This October 31st marks the 500th anniversary of Martin Luther nailing his 95 Theses on the door of the church in Wittenburg to protest of the sale of indulgences. Though earlier movements for reform within the Church had existed before Luther, such as the Hussites in Bohemia, the posting of his 95 Theses traditionally mark the start of what historians consider the Reformation, lasting from 1517 until 1648, which marks the end of the Great Thirty Years’ War and the Peace of Westaphalia.
Pieter Bruegel the Elder, The Triumph of Death, 1562. Museo del Prado, Madrid.
The Reformation came at time of great social and political change in Europe, including the several populist uprisings such as the German Peasants’ War. This period makes for fascinating historical reading because of the sweeping social changes and technological developments that occurred during this period. One of the surprising and positive consequences was an increase in literacy throughout Europe because of both the invention of the printing press and the emphasis on reading the Bible and interpreting it yourself popularized by reformers like Luther.
If you are interested in learning more about this revolutionary period of European history, check out one of the titles below:
This is largely considered the definitive historical work on the Reformation and Counter-Reformation. MacCulloch provides an overview of this complicated period of history that involved several factions of reformers in different countries, such as Swiss Anabaptist leader Huldrych Zwingli or Geneva pastor and theologian John Calvin. MacCulloch breaks down the effects of the Reformation in Europe by country and regions.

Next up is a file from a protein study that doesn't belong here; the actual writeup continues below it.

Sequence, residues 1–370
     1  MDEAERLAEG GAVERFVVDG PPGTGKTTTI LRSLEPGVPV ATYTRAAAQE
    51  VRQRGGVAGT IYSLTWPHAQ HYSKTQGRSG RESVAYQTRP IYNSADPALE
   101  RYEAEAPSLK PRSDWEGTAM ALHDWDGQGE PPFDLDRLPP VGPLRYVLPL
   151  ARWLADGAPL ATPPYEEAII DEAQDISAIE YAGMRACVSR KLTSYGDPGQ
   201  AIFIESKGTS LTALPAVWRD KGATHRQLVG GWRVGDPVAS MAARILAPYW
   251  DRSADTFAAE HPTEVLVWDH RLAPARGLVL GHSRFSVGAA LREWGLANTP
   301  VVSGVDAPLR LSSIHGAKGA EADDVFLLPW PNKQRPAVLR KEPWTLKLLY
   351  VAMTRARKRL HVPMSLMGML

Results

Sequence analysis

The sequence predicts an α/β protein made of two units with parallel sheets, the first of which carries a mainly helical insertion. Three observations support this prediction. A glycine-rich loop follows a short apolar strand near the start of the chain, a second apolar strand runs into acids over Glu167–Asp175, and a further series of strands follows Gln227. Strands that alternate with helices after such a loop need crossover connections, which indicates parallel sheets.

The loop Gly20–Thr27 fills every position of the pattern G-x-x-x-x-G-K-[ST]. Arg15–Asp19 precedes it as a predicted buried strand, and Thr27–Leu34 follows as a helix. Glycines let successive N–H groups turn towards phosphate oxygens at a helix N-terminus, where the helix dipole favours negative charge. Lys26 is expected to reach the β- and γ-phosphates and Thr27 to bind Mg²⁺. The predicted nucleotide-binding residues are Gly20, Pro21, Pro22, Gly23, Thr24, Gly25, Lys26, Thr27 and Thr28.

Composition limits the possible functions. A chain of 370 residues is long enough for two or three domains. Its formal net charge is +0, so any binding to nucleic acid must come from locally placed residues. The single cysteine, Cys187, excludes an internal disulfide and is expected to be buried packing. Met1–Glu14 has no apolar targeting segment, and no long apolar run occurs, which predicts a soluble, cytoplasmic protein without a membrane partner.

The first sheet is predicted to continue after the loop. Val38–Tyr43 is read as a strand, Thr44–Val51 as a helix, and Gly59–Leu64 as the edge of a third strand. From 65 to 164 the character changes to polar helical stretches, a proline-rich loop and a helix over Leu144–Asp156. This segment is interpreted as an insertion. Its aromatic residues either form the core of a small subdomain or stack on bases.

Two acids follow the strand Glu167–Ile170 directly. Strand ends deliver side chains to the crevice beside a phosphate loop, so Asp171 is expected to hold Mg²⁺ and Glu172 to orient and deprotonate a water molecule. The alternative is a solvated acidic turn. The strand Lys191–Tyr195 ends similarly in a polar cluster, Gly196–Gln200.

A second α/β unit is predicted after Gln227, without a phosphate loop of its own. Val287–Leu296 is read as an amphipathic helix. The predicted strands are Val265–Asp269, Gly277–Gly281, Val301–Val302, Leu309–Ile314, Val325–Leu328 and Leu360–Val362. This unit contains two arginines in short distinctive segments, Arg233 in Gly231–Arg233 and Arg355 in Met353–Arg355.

This title chronicles the 11 months that Luther spent in seclusion at Wartburg Castle after being ex-communicated from the Church and decried as a heretic by Charles V (virtually a death sentence). This was a pivotal period for the development of Luther’s theology as well as a turning point in the early stages of the Reformation.
The Reformation started during the High Renaissance period of the Italian Renaissance. The two movements seem extremely different. The Renaissance was focused on secular humanism and brought about great achievements in arts and sciences. Meanwhile, the Reformation was centered on religious theology and overthrowing corrupt leaders. However, both movements overlap in time and place, occurring during a period of rapid scientific discovery and exploration of new continents. Cahill explores the similarities between these two movements and how they influenced the development of what we think of as “Modern” post-Enlightenment Europe. This book is part of Cahill’s Hinges of History series which highlights turning points in Western Civilization.
Martin Luther: Renegade and Prophet by Lyndal Roper
Martin Luther was a complicated man and a divisive historical figure. His theology was revolutionary and he wasn’t afraid to risk his life to take a stand against the Church practices he disagreed with, yet he was reactionary and sided with the aristocracy when it came to social upheavals like the German Peasants’ War. Some of his most dubious writings are anti-Semitic and he’s thought to have helped spread anti-Semitism in Germany. Roper’s biography explores both the good and ugly sides to Luther’s personality and his pivotal role in history.